‘ahems and ahahs’

Literature, & Etc.

The smart bibliophile.

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Should I be blogging? No. Should I not in fact be reading Silent Spring by Rachel Carson? Of course. Am I going to blog regardless of the fact that I have theory and environmental creative writing? You got it.

I don’t know about you, but I always feel much smarter when I’m reading some non-fiction. Let’s face it, as much as we all love our literature, fiction, and the occasional (genre) or “culture trash” text, nothing labels you as a cultured or mature as when you’re carrying around a nice non-fiction text. Biographies in particular help to establish you as a person of intellect.

One non-fiction text, a biography that I’ve found to be very fascinating is James Tiptree, Jr.: The Double Life of Alice B. Sheldon – by Julie Phillips. For those unaware, James Tiptree Jr. is the pseudonym of Alice B. Sheldon, one of America’s great Golden Age Science Fiction short-story writer.

This biography gives a very nice picture of her complete life: from her early childhood days hunting in the African Savannah with her mother, to the very end when she finally revealed who she really was. Her writing is filled with her attempts to break down the gender barrier, being neither focused in a particularly male or female way.

I’ve only read a few chapters into the book, but I was thinking of the way in which this book provides me with some extra cultural capital. Society tends to look down upon certain types of fiction, but whenever a person is reading a biography or a history book or some other such non-fiction, there is this inherent attitude that seems to pervade: “Oh, you’re reading a biography of Andrew Carnegie, how FASCINATING!

It makes me wonder if some people really are interested in the non-fiction books that they’re carrying about, or if they simply wish to appear smarter than they are.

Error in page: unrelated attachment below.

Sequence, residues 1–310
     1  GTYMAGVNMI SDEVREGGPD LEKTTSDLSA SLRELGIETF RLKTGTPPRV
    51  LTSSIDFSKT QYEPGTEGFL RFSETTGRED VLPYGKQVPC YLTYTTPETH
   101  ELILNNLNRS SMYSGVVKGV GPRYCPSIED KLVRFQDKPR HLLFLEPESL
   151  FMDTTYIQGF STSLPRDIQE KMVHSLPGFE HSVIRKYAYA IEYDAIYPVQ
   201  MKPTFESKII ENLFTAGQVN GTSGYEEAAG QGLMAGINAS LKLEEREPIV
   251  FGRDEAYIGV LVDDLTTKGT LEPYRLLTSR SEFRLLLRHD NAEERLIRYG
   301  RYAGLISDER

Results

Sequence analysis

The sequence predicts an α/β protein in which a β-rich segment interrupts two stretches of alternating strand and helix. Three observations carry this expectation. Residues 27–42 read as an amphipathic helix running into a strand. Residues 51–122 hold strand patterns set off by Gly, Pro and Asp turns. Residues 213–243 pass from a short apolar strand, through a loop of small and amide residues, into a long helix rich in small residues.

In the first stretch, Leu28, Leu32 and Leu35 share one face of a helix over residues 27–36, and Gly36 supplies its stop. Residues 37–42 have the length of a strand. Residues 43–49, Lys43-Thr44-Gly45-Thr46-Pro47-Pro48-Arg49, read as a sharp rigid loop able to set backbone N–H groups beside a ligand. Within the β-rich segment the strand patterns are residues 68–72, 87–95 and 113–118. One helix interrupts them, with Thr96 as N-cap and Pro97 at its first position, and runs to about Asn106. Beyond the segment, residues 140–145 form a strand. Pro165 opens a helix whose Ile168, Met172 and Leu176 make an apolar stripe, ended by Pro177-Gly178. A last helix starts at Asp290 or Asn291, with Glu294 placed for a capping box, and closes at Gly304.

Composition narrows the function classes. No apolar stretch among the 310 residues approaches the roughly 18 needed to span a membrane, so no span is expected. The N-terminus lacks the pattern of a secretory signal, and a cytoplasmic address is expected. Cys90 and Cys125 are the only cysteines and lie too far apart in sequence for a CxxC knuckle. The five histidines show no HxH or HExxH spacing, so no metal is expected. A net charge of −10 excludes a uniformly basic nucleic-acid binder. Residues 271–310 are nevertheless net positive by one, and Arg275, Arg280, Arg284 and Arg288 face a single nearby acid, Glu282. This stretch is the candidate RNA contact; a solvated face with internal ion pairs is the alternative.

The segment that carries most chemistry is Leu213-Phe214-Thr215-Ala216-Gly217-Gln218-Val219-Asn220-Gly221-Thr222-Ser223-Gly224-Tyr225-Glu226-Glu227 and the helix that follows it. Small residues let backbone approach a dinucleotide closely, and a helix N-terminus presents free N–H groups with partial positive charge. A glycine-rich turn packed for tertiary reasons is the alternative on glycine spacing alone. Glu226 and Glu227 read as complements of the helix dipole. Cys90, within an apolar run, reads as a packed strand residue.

Dr. Allard, my Romantics professor from a few years ago remarked on something similar in one of his lectures.

We always carry two types of books when we travel on airplanes. A) The first book being the one we want to impress people with. We like to sit in our seat with our small cup of ice and tiny can of soda and have people notice us, pay attention to the fact that we’re reading about Nineteenth Century Medical Trauma. B) And then there is the book we have in our backpack that we pull out when we get to the hotel, or late at night at the end of a long day of travel. “Ahh…now I can sit down and read my John Grisham in peace. Ohh, this one is about a lawyer who works pro bono to save a deaf, blind, retarded German Shepherd from an evil corporation bent on world domination…I wonder how this will turn out!”

For what its worth, I realize that you’re thinking now….”But G? How do I know you’re not doing the same thing? Easy, I’m an English Literature major, everything I read is more important and better, along with my attitude and opinions on all things of this nature.”

Cheers friendos.

Written by thebeliever07

September 12, 2008 at 11:28 am

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